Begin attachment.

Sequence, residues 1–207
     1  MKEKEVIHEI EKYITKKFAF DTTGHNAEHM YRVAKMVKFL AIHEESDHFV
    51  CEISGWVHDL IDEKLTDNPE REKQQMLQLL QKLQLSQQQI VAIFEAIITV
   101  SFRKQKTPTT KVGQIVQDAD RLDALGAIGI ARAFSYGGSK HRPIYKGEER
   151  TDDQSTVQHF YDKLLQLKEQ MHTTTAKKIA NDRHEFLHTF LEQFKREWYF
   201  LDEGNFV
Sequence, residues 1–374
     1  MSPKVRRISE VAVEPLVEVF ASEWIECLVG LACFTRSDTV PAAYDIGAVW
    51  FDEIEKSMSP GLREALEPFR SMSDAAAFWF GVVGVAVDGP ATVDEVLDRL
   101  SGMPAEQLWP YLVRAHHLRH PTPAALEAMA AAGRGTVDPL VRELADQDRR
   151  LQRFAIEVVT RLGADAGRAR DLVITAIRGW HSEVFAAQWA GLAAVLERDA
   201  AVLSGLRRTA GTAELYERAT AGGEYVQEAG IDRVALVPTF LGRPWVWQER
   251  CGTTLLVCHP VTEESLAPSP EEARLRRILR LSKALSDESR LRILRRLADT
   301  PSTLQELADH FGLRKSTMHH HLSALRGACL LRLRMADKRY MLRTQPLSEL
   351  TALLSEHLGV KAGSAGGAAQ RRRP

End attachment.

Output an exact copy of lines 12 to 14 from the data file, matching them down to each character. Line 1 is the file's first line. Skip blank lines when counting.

   201  AVLSGLRRTA GTAELYERAT AGGEYVQEAG IDRVALVPTF LGRPWVWQER
   251  CGTTLLVCHP VTEESLAPSP EEARLRRILR LSKALSDESR LRILRRLADT
   301  PSTLQELADH FGLRKSTMHH HLSALRGACL LRLRMADKRY MLRTQPLSEL